Dr. Jochen Reb
Associate Professor of Organisational Behaviour and Human Resources
Co-Editor of "Mindfulness in Organizations: Foundations, Research, and Applications"
Lee Kong Chian School of Business, Singapore Management University
- Kong, D. T., & Belkin, L. Y. (in press). Being grateful and biased: Felt gratitude as a cause of escalation bias in relational dilemmas. Journal of Experimental Social Psychology.
- Kong, D. T., Cooper, C. D., & Sosik, J. J. (in press). The state of research on leader humor. Organizational Psychology Review.
- Kong, D. T., & Belkin, L. Y. (in press). Because I want to share, not because I should: Prosocial implications of gratitude expression in repeated zero-sum resource allocation exchanges. Motivation and Emotion.
- Kong, D. T., & Jolly, P. M. (in press). Lay beliefs about attention to and awareness of the present: Implicit mindfulness theory (IMT) and its workplace implications. Journal of Business and Psychology.
- Kong, D. T., Ho, V. T., & Garg, S. (in press). Employee and coworker idiosyncratic deals: Implications for emotional exhaustion and deviant behaviors. Journal of Business Ethics.
- Kong, D. T., & Yao, J. (2019). Advancing the scientific understanding of trust and culture in negotiations. Negotiation and Conflict Management Research, 12, 117-130 (invited article).
- Kong, D. T., & Jolly, P. M. (in press). A stress model of psychological contract violation among ethnic minority employees. Cultural Diversity and Ethnic Minority Psychology.
- (* equal authorship) Belkin, L. Y.*, & Kong, D. T.* (2018). Implications of advice rejection in repeated exchanges: Advisor responses and advisee gratitude expression as a buffer. Journal of Experimental Social Psychology, 78, 15-21.
- Kong, D. T., & Ho, V. T. (2018). The performance implication of obsessive work passion: Unpacking the moderating and mediating mechanisms from a conservation of resources perspective. European Journal of Work and Organizational Psychology, 27, 269-279.
- Ho, V. T., Kong, D. T., Lee, C. H., Dubreuil, P., & Forest, J. (2018). Promoting harmonious work passion among unmotivated employees: A two-nation investigation of the compensatory function of cooperative psychological climate. Journal of Vocational Behavior, 107, 112-125.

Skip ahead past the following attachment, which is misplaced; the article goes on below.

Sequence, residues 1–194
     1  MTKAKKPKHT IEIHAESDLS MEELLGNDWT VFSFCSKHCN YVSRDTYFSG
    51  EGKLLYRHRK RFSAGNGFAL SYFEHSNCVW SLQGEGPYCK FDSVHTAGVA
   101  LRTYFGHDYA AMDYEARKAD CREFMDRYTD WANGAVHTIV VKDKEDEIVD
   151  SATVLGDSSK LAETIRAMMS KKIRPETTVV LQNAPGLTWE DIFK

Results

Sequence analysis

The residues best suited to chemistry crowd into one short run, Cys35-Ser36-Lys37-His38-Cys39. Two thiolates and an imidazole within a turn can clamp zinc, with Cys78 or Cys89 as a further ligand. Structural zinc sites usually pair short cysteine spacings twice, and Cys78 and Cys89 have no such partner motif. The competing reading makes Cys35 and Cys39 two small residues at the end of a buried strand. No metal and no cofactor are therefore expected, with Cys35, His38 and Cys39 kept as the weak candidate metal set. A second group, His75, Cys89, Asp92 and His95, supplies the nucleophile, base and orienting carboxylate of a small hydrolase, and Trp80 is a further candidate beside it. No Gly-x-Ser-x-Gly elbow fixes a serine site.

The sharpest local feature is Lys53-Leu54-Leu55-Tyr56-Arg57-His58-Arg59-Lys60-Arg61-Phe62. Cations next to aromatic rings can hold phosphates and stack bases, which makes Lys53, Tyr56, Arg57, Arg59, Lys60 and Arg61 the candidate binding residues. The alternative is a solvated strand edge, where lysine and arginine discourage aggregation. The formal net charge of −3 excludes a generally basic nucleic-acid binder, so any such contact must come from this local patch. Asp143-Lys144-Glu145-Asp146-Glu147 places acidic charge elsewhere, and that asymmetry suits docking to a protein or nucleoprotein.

- Cooper, C. D., Kong, D. T., & Crossley, C. D. (2018). Leader humor as an interpersonal resource: Integrating three theoretical perspectives. Academy of Management Journal, 61, 769-796.
- Kong, D. T., & Gelb, B. (2018). Curbing, not rewarding, jerk behaviors on the job. Rutgers Business Review, 3, 40-52.
- Kong, D. T. (2018). Trust toward a group of strangers as a function of stereotype-based social identification. Personality and Individual Differences , 120, 265-270. (Young Researcher Special Issue).
- Kong, D. T., Lount, R. B., Jr., Olekalns, M., & Ferrin, D. L. (2017). Advancing the scientific understanding of trust in the contexts of negotiations and repeated bargaining: Introduction to the special issue. Journal of Trust Research, 7, 15-21. (invited article)
- Lu, S., Kong, D. T., Ferrin, D. L., & Dirks, K. T. (2017). What are the determinants of interpersonal trust in dyadic negotiations? Meta-analytic evidence and implications for future research. Journal of Trust Research (special issue on trust in negotiations and repeated bargaining), 7, 22-50. (lead article)
- Barnes, C. Guarana, C., Nauman, S., & Kong, D. T. (2016). Too tired to inspire or be inspired: Sleep deprivation and charismatic leadership. Journal of Applied Psychology, 108, 1191-1199.
- Kong, D. T. (2016). Exploring democracy and ethnic diversity as sociopolitical moderators for the relationship between age and generalized trust. Personality and Individual Differences, 96, 28-30.
- Kong, D. T., Bottom, W. P., & Konczak, L. J. (2016). Negotiators' emotion perception and value-claiming under different incentives. International Journal of Conflict Management, 27, 146-171.(lead article) (selected by the editorial team of the International Journal of Conflict Management as a Highly Commended Paper in the 2017 Emerald Literati Network Awards for Excellence)
- Campagna, R. T., Mislin, A. A., Kong, D. T., & Bottom, W. P. (2016). Strategic consequences of emotional misrepresentation in negotiation: The blowback effect. Journal of Applied Psychology, 101, 605-624.(lead article)
- Kong, D. T. (2016). A gene-dependent climatoeconomic model of generalized trust. Journal of World Business, 51, 226-236.
- Kong, D. T. (2016). The pathway to unethical pro-organizational behavior: Organizational identification as a joint function of work passion and trait mindfulness. Personality and Individual Differences, 93, 86-91.(special issue on individual differences in mindfulness)
- Kong, D. T. (2016). Ostracism perception as a multiplicative function of trait self-esteem, mindfulness, and facial emotion recognition ability. Personality and Individual Differences, 93, 68-73.(special issue on individual differences in mindfulness)
- Kong, D. T. (2016). Ethnic minorities' paranoia and self-preservative work behaviors in response to perceived ethnic discrimination, with collective self-esteem as a buffer. Journal of Occupational Health Psychology, 21, 334-351.
- (* equal authorship) Kong, D. T.*, & Ho, V. T.* (2016). A self-determination perspective of strengths use at work: Examining its determinant and performance implications. Journal of Positive Psychology, 11, 15-25.